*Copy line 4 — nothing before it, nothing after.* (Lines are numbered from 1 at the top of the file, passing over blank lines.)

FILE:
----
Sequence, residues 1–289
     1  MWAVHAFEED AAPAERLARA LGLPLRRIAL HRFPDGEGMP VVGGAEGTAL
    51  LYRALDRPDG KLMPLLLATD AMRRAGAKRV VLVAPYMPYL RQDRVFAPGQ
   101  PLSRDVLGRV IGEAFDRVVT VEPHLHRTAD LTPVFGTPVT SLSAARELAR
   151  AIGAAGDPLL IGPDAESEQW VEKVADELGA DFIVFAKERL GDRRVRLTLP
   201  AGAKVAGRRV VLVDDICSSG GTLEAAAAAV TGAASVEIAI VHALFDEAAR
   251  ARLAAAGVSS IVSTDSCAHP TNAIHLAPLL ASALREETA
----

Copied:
   101  PLSRDVLGRV IGEAFDRVVT VEPHLHRTAD LTPVFGTPVT SLSAARELAR